On Wednesday, July 17, Centers for Medicare & Medicaid Services (CMS) Administrator Seema Verma published a blog in Health Affairs announcing that just 66 ACOs joined the Medicare Shared Savings Program (MSSP) for the July 1 start date – less than half the number of new ACOs that joined in 2018. There are now 518 ACOs in the MSSP compared to 561 last year. Of those ACOs, 41 are entirely new to the program and 25 are re-entering after a time of not participating.
Additionally, more ACOs are leaving the program. Approximately 40 percent of ACOs that had contracts at the end of 2018 decided not to apply to participate in the new program – a 10 percent increase than in previous years.
Just last December CMS finalized a rule that revamped the risk requirements for ACOs participating in the MSSP. Under the new Pathways to Success program, ACOs are forced to assume downside risk after three years rather than six. Administrator Verma’s blog is the first time participation data has been available since the new program was announced.
According to the National Association of ACOs (NAACOS), the enrollment figures are drastically lower than in previous years. In a press release, the group noted that on average, more than 100 new ACOs joined the MSSP in the first seven years of the program. NAACOS President and CEO Clif Gaus voiced concerns that the limited number of new ACOs participating could impede overall program success.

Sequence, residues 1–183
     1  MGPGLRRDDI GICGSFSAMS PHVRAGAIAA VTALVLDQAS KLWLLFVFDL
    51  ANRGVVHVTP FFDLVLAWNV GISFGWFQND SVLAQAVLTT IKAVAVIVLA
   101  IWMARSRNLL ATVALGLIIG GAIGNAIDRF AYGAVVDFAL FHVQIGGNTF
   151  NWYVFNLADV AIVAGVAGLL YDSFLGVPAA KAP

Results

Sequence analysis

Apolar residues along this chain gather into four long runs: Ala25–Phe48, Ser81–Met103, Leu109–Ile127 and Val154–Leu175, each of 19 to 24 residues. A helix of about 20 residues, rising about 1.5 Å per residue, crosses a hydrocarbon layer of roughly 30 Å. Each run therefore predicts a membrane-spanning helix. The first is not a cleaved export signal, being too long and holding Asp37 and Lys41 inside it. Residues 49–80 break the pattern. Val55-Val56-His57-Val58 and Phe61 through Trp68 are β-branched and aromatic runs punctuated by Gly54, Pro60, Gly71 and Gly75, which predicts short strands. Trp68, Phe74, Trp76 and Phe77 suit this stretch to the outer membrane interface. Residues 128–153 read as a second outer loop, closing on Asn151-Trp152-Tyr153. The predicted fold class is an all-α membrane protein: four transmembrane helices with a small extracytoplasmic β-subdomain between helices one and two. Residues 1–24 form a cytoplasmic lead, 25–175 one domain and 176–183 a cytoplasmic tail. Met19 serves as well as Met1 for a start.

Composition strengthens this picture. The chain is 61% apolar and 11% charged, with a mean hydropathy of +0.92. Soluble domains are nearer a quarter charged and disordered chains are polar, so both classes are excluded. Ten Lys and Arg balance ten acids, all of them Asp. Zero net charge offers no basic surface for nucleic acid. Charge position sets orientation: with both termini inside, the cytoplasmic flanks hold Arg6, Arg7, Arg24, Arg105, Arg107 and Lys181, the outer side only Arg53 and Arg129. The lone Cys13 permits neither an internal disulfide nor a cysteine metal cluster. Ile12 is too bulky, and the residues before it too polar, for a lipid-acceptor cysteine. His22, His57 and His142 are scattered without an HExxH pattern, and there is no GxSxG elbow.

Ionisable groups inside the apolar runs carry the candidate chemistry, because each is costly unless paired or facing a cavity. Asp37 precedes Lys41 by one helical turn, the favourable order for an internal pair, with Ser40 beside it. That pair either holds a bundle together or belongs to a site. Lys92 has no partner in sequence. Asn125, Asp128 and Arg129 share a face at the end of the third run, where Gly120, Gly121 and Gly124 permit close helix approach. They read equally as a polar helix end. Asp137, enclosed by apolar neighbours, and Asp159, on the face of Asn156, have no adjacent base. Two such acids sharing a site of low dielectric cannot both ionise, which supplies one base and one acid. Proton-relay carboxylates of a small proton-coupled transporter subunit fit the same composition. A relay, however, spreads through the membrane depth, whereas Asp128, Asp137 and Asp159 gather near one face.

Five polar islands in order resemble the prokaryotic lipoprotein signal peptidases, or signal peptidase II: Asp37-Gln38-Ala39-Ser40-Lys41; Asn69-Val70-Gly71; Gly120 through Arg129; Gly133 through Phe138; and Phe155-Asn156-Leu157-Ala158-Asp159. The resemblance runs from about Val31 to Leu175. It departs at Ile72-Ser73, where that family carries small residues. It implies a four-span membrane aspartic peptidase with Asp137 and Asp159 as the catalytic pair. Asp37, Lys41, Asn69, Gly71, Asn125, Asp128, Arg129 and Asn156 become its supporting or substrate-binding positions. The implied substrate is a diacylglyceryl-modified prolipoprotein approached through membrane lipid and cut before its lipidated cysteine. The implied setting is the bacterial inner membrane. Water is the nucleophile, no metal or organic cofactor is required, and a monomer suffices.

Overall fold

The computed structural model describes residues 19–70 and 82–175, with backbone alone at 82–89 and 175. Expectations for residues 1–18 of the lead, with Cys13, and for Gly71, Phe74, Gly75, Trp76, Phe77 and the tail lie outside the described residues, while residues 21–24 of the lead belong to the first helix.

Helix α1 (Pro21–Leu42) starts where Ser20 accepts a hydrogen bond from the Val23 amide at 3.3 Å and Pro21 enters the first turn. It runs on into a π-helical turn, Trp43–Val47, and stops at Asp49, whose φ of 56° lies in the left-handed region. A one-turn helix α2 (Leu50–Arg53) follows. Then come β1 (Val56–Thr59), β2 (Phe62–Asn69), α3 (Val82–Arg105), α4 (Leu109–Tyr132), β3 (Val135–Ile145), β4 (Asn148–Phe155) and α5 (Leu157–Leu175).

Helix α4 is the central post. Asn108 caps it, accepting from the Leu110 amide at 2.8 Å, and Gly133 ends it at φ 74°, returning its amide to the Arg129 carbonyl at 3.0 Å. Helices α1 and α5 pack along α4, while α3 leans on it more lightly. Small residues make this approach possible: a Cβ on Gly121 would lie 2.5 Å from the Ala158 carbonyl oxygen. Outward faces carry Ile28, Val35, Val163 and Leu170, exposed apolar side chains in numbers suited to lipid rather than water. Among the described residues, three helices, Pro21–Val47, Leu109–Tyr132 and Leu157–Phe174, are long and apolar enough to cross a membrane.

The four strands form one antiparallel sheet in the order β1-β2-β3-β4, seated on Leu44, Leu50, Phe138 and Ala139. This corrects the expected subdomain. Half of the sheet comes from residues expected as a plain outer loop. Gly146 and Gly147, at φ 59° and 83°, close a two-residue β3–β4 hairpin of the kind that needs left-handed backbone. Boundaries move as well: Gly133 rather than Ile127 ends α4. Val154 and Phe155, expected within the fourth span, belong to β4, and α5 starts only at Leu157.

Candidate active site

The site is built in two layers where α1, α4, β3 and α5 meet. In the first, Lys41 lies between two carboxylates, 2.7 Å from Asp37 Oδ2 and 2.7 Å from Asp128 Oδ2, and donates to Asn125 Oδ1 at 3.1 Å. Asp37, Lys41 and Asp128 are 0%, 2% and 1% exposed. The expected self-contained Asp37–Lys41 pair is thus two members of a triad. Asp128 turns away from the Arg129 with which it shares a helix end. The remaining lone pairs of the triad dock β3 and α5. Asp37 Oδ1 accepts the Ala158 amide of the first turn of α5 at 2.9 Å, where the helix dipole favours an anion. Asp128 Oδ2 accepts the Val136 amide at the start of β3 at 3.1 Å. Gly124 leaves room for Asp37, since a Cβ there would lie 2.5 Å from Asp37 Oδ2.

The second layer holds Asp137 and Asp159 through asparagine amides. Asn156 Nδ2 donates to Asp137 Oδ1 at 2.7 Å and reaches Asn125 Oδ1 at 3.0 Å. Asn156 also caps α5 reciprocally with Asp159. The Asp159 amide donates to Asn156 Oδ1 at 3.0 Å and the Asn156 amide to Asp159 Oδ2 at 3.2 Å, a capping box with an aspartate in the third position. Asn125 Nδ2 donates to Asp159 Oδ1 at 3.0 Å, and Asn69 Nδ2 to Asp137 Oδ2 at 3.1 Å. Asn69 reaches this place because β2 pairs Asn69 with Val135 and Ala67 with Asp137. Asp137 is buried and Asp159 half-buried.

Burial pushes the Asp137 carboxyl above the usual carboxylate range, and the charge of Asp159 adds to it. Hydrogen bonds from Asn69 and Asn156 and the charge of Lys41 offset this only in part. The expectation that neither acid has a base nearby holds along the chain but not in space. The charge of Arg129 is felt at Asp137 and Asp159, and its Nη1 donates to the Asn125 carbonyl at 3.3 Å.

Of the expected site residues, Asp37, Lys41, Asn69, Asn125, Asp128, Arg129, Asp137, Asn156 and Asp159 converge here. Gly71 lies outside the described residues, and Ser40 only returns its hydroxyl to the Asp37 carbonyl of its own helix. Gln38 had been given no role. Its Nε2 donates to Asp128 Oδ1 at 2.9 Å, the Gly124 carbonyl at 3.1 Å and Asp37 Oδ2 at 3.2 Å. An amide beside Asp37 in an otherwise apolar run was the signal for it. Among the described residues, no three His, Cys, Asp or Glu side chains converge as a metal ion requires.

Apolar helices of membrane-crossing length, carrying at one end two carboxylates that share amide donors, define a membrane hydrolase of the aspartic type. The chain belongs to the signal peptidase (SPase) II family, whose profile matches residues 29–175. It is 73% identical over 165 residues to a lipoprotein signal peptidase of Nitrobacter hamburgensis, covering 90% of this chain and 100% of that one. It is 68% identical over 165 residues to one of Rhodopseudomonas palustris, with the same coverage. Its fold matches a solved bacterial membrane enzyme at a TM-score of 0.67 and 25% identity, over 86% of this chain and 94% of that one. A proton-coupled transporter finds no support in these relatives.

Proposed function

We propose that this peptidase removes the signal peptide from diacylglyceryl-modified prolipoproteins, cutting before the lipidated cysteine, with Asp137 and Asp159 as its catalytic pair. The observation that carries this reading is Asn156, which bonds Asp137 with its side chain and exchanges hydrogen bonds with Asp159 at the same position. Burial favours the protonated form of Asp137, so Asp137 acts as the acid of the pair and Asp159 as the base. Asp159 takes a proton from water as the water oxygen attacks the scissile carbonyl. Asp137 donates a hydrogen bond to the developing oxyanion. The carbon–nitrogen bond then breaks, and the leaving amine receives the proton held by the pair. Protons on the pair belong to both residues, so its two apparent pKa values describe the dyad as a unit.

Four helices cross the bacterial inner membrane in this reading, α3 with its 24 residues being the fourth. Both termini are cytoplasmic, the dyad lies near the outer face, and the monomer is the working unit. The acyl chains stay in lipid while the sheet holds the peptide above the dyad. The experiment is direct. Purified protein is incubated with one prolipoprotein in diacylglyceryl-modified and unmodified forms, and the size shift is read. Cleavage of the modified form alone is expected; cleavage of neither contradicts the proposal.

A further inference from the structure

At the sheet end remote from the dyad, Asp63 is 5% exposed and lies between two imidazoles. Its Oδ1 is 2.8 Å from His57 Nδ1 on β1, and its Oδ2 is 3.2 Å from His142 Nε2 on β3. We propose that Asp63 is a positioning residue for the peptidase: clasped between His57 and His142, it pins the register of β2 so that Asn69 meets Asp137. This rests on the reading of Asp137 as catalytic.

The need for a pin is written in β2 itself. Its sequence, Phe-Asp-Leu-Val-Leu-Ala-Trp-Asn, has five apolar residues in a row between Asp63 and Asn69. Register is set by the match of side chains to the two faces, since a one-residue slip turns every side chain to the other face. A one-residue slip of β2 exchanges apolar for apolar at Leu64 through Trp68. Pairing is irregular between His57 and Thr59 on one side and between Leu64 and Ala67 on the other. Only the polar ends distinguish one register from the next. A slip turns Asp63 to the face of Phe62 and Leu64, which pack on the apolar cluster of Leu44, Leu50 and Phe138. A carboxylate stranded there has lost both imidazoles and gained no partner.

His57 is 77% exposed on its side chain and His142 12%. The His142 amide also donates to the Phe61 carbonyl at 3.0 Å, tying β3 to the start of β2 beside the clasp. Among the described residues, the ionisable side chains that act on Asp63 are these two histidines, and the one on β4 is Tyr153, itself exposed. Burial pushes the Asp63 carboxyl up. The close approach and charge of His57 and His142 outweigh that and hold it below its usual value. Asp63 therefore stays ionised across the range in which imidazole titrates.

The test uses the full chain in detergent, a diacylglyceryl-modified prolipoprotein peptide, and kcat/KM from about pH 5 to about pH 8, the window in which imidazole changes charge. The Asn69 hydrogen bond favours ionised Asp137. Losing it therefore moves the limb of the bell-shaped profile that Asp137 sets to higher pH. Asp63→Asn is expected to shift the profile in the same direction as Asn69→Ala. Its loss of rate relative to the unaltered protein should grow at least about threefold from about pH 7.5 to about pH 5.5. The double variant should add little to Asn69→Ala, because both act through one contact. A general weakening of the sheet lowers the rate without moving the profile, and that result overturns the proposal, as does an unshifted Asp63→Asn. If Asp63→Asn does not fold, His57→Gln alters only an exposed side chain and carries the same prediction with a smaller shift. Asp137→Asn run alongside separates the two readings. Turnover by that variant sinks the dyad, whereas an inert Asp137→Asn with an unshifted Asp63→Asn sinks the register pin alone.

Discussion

However, other industry groups have not been concerned about the enrollment figures – and neither is Administrator Verma. In the blog she wrote, “The participation rates for July 1, 2019 are in line with what the agency projected when Pathways to Success was launched, putting CMS on track to generate the $2.9 billion in savings over ten years that were projected.”
It is still early to draw definitive conclusions for what, if any, implications the participation numbers portend. While we agree that some providers might be reticent to accelerate a pathway to downside risk, the lower aggregate enrollment number could stem from the mid-year enrollment date and additional ACOs could extend or initiate participation on January 1, 2020. It is also important to note that while the number of participating ACOs has decreased, the number of covered Medicare beneficiaries has increased.
We support the accelerated pathway to aligning incentives between providers and payers needs. Given CMS’ role as a purchaser and the ability of the MSSP to catalyze broader payment reform across the nation, we believe the program can be successful if the agency – regardless of administration – manages the current rules with high fidelity, engages and equips participating ACOs with the data and information they require, and limits future programmatic changes from introducing additional volatility.